Ecosystem services of the Southern Ocean: trade-offs in decision-making

Ecosystem services are the benefits that mankind obtains from natural ecosystems. Here we identify the key services provided by the Southern Ocean. These include provisioning of fishery products, nutrient cycling, climate regulation and the maintenance of biodiversity, with associated cultural and aesthetic benefits. Potential catch limits for Antarctic krill (Euphausia superba Dana) alone are equivalent to 11% of current global marine fisheries landings. We also examine the extent to which decision-making within the Antarctic Treaty System (ATS) considers trade-offs between ecosystem services, using the management of the Antarctic krill fishery as a case study. Management of this fishery considers a three-way trade-off between fisheries performance, the status of the krill stock and that of predator populations. However, there is a paucity of information on how well these components represent other ecosystem services that might be degraded as a result of fishing. There is also a lack of information on how beneficiaries value these ecosystem services. A formal ecosystem assessment would help to address these knowledge gaps. It could also help to harmonize decision-making across the ATS and promote global recognition of Southern Ocean ecosystem services by providing a standard inventory of the relevant ecosystem services and their value to beneficiaries.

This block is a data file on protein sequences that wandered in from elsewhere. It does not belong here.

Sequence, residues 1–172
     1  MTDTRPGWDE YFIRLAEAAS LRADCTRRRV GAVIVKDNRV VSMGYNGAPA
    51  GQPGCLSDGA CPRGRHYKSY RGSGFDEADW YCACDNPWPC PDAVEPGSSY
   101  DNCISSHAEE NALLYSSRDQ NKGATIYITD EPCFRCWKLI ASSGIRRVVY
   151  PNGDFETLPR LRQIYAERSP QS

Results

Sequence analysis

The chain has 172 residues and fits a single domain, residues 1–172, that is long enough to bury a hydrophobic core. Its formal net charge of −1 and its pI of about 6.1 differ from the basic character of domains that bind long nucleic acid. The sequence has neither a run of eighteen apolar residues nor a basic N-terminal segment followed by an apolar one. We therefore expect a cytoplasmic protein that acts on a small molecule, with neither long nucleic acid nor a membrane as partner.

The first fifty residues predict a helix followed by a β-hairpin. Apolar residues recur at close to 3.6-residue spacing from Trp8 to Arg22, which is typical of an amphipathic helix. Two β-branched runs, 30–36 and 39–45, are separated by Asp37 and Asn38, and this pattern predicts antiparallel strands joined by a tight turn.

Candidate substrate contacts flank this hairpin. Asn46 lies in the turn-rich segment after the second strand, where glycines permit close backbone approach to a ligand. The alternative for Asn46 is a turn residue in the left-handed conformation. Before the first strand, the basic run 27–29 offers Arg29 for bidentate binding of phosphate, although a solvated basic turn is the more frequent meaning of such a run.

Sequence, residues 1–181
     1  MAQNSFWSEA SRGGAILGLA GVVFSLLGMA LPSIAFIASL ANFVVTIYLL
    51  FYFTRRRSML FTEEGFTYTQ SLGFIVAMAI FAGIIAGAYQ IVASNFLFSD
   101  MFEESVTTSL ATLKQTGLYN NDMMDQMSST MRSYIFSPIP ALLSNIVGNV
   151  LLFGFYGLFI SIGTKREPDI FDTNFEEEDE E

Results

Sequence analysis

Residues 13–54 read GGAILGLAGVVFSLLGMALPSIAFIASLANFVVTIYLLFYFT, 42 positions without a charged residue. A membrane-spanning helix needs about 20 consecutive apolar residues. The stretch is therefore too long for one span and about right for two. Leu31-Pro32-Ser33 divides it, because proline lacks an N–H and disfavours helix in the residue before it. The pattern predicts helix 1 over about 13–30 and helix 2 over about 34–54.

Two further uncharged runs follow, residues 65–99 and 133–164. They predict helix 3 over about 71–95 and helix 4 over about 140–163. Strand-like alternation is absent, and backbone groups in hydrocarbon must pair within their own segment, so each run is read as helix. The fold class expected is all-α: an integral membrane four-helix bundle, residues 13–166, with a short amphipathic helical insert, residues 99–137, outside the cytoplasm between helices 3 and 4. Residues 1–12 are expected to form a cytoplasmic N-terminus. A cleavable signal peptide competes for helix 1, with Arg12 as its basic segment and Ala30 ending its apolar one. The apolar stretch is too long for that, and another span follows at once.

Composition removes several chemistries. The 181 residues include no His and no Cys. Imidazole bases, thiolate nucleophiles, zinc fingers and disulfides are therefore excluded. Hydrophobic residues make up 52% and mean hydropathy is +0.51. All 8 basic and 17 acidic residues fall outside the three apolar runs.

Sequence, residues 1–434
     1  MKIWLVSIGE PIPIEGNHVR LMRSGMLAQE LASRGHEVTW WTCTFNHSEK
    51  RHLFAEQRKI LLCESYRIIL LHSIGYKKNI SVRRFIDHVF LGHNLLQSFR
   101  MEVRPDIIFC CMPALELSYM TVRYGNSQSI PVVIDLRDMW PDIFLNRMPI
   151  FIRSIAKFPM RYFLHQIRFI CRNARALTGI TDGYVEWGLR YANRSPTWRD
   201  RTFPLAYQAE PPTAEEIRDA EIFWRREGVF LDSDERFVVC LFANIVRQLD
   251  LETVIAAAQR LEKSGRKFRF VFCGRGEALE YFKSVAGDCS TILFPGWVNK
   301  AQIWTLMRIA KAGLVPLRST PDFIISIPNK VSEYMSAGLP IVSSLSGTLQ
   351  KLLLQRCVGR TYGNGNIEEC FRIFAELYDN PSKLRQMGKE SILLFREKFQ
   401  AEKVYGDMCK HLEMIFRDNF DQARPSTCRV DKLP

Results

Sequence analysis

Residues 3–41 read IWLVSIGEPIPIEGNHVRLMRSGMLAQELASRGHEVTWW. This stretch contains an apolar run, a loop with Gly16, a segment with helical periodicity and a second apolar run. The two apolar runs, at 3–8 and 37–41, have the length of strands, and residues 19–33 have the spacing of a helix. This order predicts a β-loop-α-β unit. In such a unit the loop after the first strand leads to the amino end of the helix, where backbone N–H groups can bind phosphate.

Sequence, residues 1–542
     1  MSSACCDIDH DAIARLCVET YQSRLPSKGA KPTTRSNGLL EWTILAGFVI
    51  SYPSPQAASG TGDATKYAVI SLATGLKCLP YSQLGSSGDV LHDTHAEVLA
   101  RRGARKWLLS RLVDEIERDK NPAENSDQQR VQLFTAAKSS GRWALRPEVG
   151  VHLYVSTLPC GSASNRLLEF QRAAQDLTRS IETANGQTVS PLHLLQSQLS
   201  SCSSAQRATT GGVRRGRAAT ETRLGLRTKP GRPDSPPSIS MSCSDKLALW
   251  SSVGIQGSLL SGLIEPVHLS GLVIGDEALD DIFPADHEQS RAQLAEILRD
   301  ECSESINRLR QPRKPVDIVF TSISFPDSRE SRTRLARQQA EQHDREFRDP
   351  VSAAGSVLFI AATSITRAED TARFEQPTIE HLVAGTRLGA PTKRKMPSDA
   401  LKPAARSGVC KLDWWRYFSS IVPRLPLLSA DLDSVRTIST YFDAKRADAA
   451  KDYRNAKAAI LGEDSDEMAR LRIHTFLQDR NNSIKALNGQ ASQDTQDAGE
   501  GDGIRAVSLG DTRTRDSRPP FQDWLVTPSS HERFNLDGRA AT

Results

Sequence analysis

Publication status:
Authors: Grant, Susie M. ORCIDORCID record for Susie M. Grant, Hill, Simeon L. ORCIDORCID record for Simeon L. Hill, Trathan, Philip N. ORCIDORCID record for Philip N. Trathan, Murphy, Eugene J. ORCIDORCID record for Eugene J. Murphy

On this site: Eugene Murphy, Philip Trathan, Simeon Hill, Susie Grant
1 October, 2013
Antarctic Science / 25
Link to published article: